Proposal: #NonHierarchicalLayers (+ #LayerPrimitives)
mark.reinhold at oracle.com
mark.reinhold at oracle.com
Mon Mar 6 20:35:49 UTC 2017
2017/3/6 8:08:19 -0800, tjwatson at us.ibm.com:
> 2017/3/5 18:02:44 -0800, mark.reinhold at oracle.com:
>> 2017/2/27 17:47:25 +0000, tjwatson at us.ibm.com:
>>> The addPackage method would be beneficial for other reasons when adhering
>>> an existing module system into a JPMS Layer.
>>> - addPackage would allow existing module systems to avoid aggressive
>>> discovery of all private packages for its own modules when building a JPMS
>>> ModuleDescriptor. For the existing module systems I know about the class
>>> loader is used extensively as the module primitive. Requirements wire up
>>> the class loaders for proper class loader delegation and typically the
>>> APIs are declared capabilities to indicate what the modular class loaders
>>> can load and expose to another module class loader. But nowhere was it
>>> required to aggressively discover all private packages and resources up
>>> front. Having an addPackage would allow such module systems to grow the
>>> list of private packages lazily as it is defining classes in the packages
>>> that are private to the module.
>> Understood, but for context: I previously suggested that you could use
>> the `Private-Package` manifest header added by bndtools, when present,
>> in order to avoid scanning a bundle for private packages . In reply
>> you wrote that you planned to use that approach for bundles built by
>> bndtools, and that "even for the bundles where we have to scan for all
>> packages the framework can easily cache the private-package information
>> so that upon restart the scan is not needed again" . So, I see how an
>> `addPackage` method could help OSGi interoperation, but it doesn't appear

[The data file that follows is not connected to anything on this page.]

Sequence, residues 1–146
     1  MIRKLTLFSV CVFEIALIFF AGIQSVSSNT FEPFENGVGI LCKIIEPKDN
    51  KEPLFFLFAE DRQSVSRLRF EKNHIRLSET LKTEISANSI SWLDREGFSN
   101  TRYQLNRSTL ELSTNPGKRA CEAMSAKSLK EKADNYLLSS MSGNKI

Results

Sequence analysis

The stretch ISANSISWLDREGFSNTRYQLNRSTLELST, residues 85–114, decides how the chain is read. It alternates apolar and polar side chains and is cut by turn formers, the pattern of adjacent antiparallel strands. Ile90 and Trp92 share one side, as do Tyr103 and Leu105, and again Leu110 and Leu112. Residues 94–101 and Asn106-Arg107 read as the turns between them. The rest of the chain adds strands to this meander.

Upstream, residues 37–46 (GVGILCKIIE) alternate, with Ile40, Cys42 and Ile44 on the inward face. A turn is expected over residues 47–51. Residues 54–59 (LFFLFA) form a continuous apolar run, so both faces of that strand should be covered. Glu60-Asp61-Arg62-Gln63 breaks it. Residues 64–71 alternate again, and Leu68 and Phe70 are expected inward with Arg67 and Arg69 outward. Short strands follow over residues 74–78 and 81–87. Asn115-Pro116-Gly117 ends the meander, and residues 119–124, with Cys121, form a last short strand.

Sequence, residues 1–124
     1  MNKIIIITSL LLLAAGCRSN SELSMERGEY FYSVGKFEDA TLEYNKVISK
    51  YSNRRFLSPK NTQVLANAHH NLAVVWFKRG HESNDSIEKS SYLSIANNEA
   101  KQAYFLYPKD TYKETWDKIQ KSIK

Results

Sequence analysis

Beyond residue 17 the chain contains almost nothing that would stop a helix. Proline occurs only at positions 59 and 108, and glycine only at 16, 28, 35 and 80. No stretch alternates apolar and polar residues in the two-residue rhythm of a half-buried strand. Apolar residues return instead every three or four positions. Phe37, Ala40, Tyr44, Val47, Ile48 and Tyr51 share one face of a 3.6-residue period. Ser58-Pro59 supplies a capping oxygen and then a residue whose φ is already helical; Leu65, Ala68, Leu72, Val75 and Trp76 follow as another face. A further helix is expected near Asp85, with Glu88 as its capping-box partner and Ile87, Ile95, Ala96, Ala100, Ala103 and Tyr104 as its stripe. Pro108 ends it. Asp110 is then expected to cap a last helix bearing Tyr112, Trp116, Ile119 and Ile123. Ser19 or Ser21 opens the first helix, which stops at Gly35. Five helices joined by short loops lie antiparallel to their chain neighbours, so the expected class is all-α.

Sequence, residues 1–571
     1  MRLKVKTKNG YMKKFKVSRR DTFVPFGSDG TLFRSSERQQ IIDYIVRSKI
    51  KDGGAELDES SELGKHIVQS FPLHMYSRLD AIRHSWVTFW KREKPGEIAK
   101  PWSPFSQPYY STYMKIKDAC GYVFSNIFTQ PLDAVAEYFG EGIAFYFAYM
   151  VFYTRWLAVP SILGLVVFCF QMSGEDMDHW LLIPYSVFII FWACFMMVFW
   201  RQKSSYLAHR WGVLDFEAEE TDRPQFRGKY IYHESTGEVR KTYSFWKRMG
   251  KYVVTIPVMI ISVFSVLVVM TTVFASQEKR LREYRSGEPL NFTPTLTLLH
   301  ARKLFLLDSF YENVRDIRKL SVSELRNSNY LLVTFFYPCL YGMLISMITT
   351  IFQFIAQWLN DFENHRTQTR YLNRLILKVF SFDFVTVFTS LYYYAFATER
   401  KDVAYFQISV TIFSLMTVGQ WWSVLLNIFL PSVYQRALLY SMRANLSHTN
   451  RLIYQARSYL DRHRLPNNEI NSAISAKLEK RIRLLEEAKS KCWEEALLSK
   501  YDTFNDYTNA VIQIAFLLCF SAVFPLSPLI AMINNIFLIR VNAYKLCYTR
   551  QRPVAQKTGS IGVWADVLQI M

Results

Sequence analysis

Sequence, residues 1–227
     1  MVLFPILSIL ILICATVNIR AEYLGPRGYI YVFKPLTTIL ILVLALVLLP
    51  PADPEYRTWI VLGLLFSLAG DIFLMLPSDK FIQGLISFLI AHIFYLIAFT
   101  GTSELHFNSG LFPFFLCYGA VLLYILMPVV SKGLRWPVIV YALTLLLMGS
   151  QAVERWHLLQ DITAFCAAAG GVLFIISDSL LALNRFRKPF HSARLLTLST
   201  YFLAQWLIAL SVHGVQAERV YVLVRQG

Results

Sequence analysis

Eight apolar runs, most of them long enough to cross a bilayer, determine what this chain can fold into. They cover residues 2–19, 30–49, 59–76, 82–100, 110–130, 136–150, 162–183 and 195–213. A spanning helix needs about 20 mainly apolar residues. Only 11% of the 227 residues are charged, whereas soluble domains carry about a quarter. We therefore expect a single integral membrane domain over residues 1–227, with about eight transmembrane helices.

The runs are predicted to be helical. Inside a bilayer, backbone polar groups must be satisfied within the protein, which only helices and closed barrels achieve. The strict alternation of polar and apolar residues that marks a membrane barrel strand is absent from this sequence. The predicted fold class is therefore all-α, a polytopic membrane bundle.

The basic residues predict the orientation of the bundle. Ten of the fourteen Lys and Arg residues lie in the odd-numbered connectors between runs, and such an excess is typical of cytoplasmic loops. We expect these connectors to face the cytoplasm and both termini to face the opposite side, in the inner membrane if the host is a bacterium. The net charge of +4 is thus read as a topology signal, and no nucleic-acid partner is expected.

>> to be a hard requirement.
>> (As a side note, scanning a JAR file to determine its private packages
>> is pretty fast these days, even without caching. That's what we do for
>> automatic modules in the JPMS implementation, and so far it hasn't been
>> a significant performance problem.)
> The Private-Package cannot be relied on from BND. A very large number of
> existing bundles are not built with BND. The option to have
> Private-Package header in BND can be turned off. In many cases the
> exhaustive scan of the jars will be needed. As a data point, to scan my
> current Eclipse installation (~360 bundles at well over 310 MB of jars) it
> is taking over 1000 ms to do the full scan (on a pretty new MacBook Pro).
> Some optimization may speed this up. In OSGi the artifact the bundle is
> stored in on disk is abstracted away. There is no independent way to get
> hold of the jar file directly. I am using OSGi APIs to do the scanning of
> the bundle wiring. It is possible this is not as speedy as it can be, but
> the cost will always be measurable and it will linear O(n) with the number
> of bundles installed. Without caching the results this also pays an
> upfront cost of having to open each and every jar file. In Equinox we
> delay the opening of the jars until a class or resource is actually going
> to be loaded from the bundle. This upfront scanning forces us to open all